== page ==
the home education debate
As a homeschooling parent I've heard all the little snide comments, heard all the questions, and had to convince my family it was the right course for us to take. Homeschooling isn't right for every parent. The educator ends up with zero personal time, having to clean up more science experiments than doing dishes and having to be creative in turning an already stressful event like grocery shopping into an educational experience. So, it does take a very high level of dedication to make it through with ones sanity intact. All that being the case, homeschoolers are statistically 4 grade levels ahead of their public school counterparts. On top of the daily stresses of handling the children's education, the educator must also become the advocate; arguing the pros against cons with spouse, family, friends, strangers and sometimes the school board itself. This is quite often the hardest part for the home educator. While we feel in our hearts that we know whats best for our children, it can be difficult to put our arguments into intelligent words that will convince those that care and discourage those that judge. The following are a list of arguments I and many home educators have had to deal with.... Aren't homeschoolers religious zealots? We're not overly religious, isn't that a requirement? While it may be true that many choose homeschooling to influence their children with their own morales and religious beliefs, it is by no means a prerequisite. Yes there will be some who will assume we belong to some kind of cult that forces us to live in a cave of tradition, those who express this sentiment are only displaying their own ignorance. I agree whole heartedly with the separation of church and state; mostly because the teacher in a public school would only be a single representative of a single religion - which may not be my own. Since it would be impossible to have a religious holiday for every religion, or to teach the practices of every religion, than I agree religion should not be a part of public school. On the other hand, when teaching in my own home, we can freely discuss our private beliefs, as well as introduce the beliefs of the world. I can ensure my children follow my philosophical path while respecting the other paths of their fellow humans. So, yes, some like homeschooling due to its freedom from the separation of church and state. They like to be able to instill their morals in each of their lessons. But, again, it is by no means a required subject. Only 75% of homeschoolers attend religious services.* How can a homeschooled child get into college? This is a big question and one that needs to be considered carefully with secondary level (high school) children. There are several ways for a homeschooler to get into college, but the bottom line is most colleges care more about ACT and SAT scores than transcripts. Now, a homeschooled child can choose to get a G.E.D. or an Adult Education Diploma, just to have that documentation available for the college. Others will enroll in an accredited home study course through a private school or Charter school (run by the district) again to have the paper in hand when approaching colleges. But, a homeschooling parent can prepare for the inquiries a college might send out, for transcripts, by keeping detailed records. The conflict come into play that a homeschooling child will generally 'graduate' high school at the age of 16*. So, while his compatriots in public school are completing the 8th grade, he is essentially ready for college. This can mean getting a head start on entrance exams, or it can mean having the freedom to take a couple of years to work building a realistic view of life as an adult. We don't have a lot of money, isn't it expensive to homeschool? This is quite possible the biggest misconception about homeschooling. The average income of a homeschooling family is only $40,000 - 50,000 per year,* with 18% making $25,000 and 44% between $25,000 - 49,000 per year**. Furthermore, the average homeschooling family spends only about $450 per year on education.* Whether a home educator chooses a purchased curriculum - which comes complete with teaching and learning tools - or to create their own, is up to the goals of the family. Each student learns differently, and thrives in different settings. Some children need strict structure provided by a purchased curriculum, while others thrive in a more hands on setting.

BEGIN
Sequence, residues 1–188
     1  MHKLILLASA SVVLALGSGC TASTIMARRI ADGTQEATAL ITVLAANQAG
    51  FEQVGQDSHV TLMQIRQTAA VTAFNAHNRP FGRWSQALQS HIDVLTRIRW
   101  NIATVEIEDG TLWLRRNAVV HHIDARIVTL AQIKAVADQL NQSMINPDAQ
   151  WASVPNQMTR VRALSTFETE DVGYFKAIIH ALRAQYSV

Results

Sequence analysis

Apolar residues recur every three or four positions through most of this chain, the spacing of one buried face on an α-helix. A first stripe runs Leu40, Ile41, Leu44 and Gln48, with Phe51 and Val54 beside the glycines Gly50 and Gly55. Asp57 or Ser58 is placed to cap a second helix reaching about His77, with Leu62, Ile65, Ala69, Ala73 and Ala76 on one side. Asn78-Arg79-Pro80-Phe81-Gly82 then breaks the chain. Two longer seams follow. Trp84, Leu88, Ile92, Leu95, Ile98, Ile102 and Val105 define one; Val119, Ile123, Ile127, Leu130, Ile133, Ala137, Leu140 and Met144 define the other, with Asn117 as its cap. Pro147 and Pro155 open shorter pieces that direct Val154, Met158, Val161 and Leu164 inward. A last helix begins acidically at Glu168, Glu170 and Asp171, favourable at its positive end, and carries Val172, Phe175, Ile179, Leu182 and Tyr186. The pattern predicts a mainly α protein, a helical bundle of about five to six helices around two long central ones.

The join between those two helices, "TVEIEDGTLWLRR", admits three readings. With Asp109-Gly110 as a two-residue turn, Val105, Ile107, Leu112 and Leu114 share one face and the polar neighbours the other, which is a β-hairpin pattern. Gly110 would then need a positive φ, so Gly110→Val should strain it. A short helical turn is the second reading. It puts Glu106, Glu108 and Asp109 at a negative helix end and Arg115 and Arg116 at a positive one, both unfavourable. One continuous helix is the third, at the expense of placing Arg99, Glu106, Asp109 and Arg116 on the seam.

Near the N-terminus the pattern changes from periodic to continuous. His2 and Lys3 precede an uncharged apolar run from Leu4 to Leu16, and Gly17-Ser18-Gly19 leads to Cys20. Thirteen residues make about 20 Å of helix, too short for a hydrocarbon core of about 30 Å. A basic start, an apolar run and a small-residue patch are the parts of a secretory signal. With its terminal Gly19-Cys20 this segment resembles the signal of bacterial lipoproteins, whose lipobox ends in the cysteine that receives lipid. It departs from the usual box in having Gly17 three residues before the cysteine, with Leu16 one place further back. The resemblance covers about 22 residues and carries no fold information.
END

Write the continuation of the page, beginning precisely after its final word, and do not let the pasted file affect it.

Almost all homeschoolers agree that younger children, younger than 6th grade, learn through a combination of book learning, and the use of their senses. Touching, experiencing, experimenting and feeling are better teachers than any book. Some home educators choose to allow this principle to rule their educational style, taking their children out into the world to learn by doing. This costs virtually nothing and can be rewarding both in the level of the child's knowledge as much as the building of memories. We didn't go to college, how can we expect to be a teacher? Well, chances are your 6 year old wont starting off with college level physics. The number one thing I've told new homeschoolers over the years is that I've learned almost as much as my children, as I have a college education. The reason for that is learning by doing, by breaking the knowledge down so your little one can grasp it, will give you a better understanding of the concept than you may have ever had through straight book learning. Can homeschooling really give as good an education as public schools? In a word, No, homeschoolers achieve higher than public schoolers. In public schools, higher standardized test scores generally coincide with income levels. This is not the case for homeschoolers. Further, white vs. minority standardized test scores are virtually the same (87% in reading, 82 & 77 % respectively in math*) where as they vary in public schools (61 to 49% in reading, and 60 to 50% in math respectively)*. So homeschooling crosses the financial and socio-economic boundaries much more effectively than public schools. The why is a bit of a debate, even among homeschoolers. Many believe overcrowding and underfunding in lower income public schools results in children falling through the cracks, whereas in homeschooling the ratio is closer to 1 on 1 education. Peer pressure, which can get in the way of education in public school, is diminished greatly in homeschool. What about sports and music or all the other extra-curricular activities available in public schools? This tends to be an important sticking point with dads especially. The truth is most districts offer the extra-curricular activities to all students within the district - whether they attend the public schools or not. Further, many towns have separate teams and orchestras which cost very little money to join. There are many options out there for sports. Even if your district or town has no alternative or leeway for homeschooling, you can usually find a homeschooling group in your area that will have sporting events or play groups available. Recent studies show 98% of homeschoolers belong to 2 or more social/community events such as Scouts, Ballet, 4-H, Bible Clubs, Music Classes, Group Sports, etc. The dreaded question: What about socialization? Every homeschooler hears this question so often it becomes irritating. It is therefore ironic that the number one reason for homeschooling is the conflict of social issues in the public schools. Socialization is the term used to describe how peer groups interact with each other in a social setting. Many homeschoolers don't see how this describes public schools, where children must sit quietly in their chair and speak only when spoken too. Conversely, homeschooling turns education into a much more social event. Homeschooling children have the freedom to develop their communication skills with various adults and siblings of various ages in a setting that promotes interaction. Further, as the above question addressed, most homeschoolers are also involved in social activities outside the home that offer children the opportunity to interact with their peer groups. The reality is, homeschoolers have the advantage over public school children in social situations. They are encouraged to develop their own identity, to not fear asking questions or interacting with someone new. Many have never been in a situation that abuses their self image or identity, which further strengthens their self image. The homeschooler leads their public school counterparts with a strong vision of imagination, creativity, academics, social skills, sense of self, commitment to family, a respect for but not cowed by the government. How does one get started in homeschooling? Each state has different requirements for the homeschooling family. The first step for those interested in investigating home education, should find out the requirements in your state. Some states have high requirements, which means a family must be approved for homeschooling, then what subjects are taught and how as well as standardized tests are all regulated by the board of ed. Where as some other states have zero requirements, meaning a family need not even notify anyone of their intent. There are pros and cons for both states. The high regulations can seem intrusive to the family that wanted to homeschool for the freedom of learning what and how their liked; but those states with higher requirements also generally have many more resources...including Charter Schools - which are curriculum's and lessons designed by the school district, they tend to be very low cost or even free. Those states with low to no requirements have very little resources available to the homeschooling family. You can find out your states requirements through such web sites as www.hslda.org the Homeschool Legal Defense Assoc. How many hours a day should we homeschool? Again this differs from family to family. One should not view homeschooling as public school at home. Sure some subjects will have the home educator standing before the students instructing them, but most of the learning is done hands on. Further, with the ratio of educator to student being so much lower in homeschooling most homeschoolers only end up "schooling" about 3 hours a day. If you consider a public school which averages 6 hours long, with a class of 30 to every 1 teacher, each student only gets an average of 45 minutes 1-on-1 attention. With the personal attention less time is required to teach. Also, the way a subject is approached in homeschooling, is molded directly to the learning style of the student. This can not be done in a class of 20 or 30, they must approach a subject from the most usable manner, but in homeschooling, the home educator can mold and shift the teaching manner to best suit the students needs, which further decreases the amount of time necessary to learn. How do we approach homeschooling, once we know the laws and requirements of our state? Well, to determine if homeschooling is right for you is going to take a bit of trial and error, of learning what will work from you - the educator- and from your child - the student. Essentially, you need to learn to communicate in a new way. This learning curve will be greatly decreased if you analyze your situation prior to getting started. It will also help you decide what type of curriculum would be best for your family. To analyze your needs write a list of your vision, your needs and your child's needs/personality. Answer such questions as: Why are we homeschooling? What do we want our children to learn? Do we hope our children will attend college? How much time (daily/weekly) can we devote to learning? How long (years) do we hope to continue it? How much money can we invest in homeschooling? What traits in our child will affect their learning? (they get bored easily, don't follow directions well, get focused on a single topic to the exclusion of all others, etc) Furthermore, analyzing your child's' learning style will greatly assist you in determining the best avenue of education available to you... Bodily-Kinesthetic Intelligence Interpersonal Intelligence Linguistic Intelligence Logical-Mathematical Intelligence Musical Intelligence Spacial Intelligence Most children display one or more of the above learning styles. Understanding how your child's learn can guide you in what curriculum you choose. The definitions can be found at http://hmt.myweb.uga.edu/webwrite/bodily.htm Homeschooling Definitions: Charlotte Mason Method: Charlotte Mason was a British educator and an observer of how children learned. She determined children should be out of doors experiencing nature in all its glory at least 4-6 hours a day, and children over the age of 12 should have one full day devoted to outdoor activities each week. She believed education should be much less about book learning and more about being in touch, experiencing and learning from the world around them. This does not mean there is a lack of actual "school work" as The Mason Method also has daily practice of Copying (working on spelling, grammar, writing) and such, but much of her method is based on the child's experiences through life rather than life being taught to them. Charter School: This is an innovative approach to Public School. This is not considered homeschooling, but public school within the home. Essentially its attending public school via the computer and is supported through the school district. Classical Education Method: The basis of the classical method is the belief that all children, no matter their learning styles, go through 3 phases of intellectual or educational development. K-6 = memorization, Grades 7-8= more argument oriented, Grades 9-12= independent thinkers & communicators. Furthermore, students learn through the classical subjects: literature, philosophy, Latin & Greek, etc. Classical teaching methods range from class lectures, to debates, to Socratic (discussion-oriented) teaching. Independent learning skills are sharpened at all grade levels. Classical teaching methods range from class lectures, to debates, to Socratic (discussion-oriented) teaching. Independent learning skills are sharpened at all grade levels. Curriculum: All the courses of study offered through the educational process, or through a single major or system. Eclectic Schooling: This is a spattering of all the methods. Home educators use whatever method seems the right one at the time, or based on the subject. For instance, an educator might choose the classical method for teaching their child Latin, and a Charlotte Mason Method for teaching the life-cycle of a plant. Lesson Plan: A detailed description of instruction for an individual topic or lesson. Montessori Method: Montessori emphasizes learning through the use of the 5 senses, each child is encouraged to learn at their own pace. Education is seen as an exciting process of discovery, leading to concentration, motivation, self-discipline, and a love of learning. Children can attend Montessori private schools or a home educator can study to become an accredited Montessori educator. Unit Studies: A unit method of learning is all about the connectedness of all things..for instance, when learning about sharks a home educator can also teach math in the measurements of shark sizes or the number of teeth, they can teach science with the habitats and life cycles of sharks, geography in the migration patterns, spelling through writing the over 80 family names of sharks, etc. Unit studies is about choosing a topic then molding all other aspects of the lesson plan around that single topic. Unschooling: Each unschooler will give a different definition of what unschooling means. There is no definite description. Essentially, an Unschool Educator is more concerned with the process of learning than with the content. There is no set rules, basically anything goes. It is also focused on not pushing any subject on the child. It is also often referred to as Child-Led Learning, where the child discovers the next stage in learning when they are ready to discover it. Waldorf Method: The founder Dr. Rudolph Steiner firmly believed learning should not just involve the minds of children but their bodies and spirits as well. Instead of using traditional textbooks children are encouraged to develop their own textbook. *http://www.chec.org/Legislative/News/HomeschoolingStatistics/Index.html ; Christian Homeschoolers of Colorado, Brian D. Ray, PhD, Home Schooling on the Threshold (NHERI Publications, PO Box 13939, Salem, OR 97309), and HSLDA, Home Education Across the USA (HSLDA, 17333 Pickwick Dr., Purcellville, VA 20132), and HSLDA, Home Schooling Works, Pass it on! Rudner Report, (HSLDA, 17333 Pickwick Dr., Purcellville, VA 20132). **http://homeschoolinformation.com/homeschooling/homeschool_statistics1.htm ; Heart of Wisdom, Homeschool Information, Statistics; Findings of an independent study by Lawrence M. Rudner, Ph.D., Director of the ERIC Clearinghouse on Assessment and Evaluation.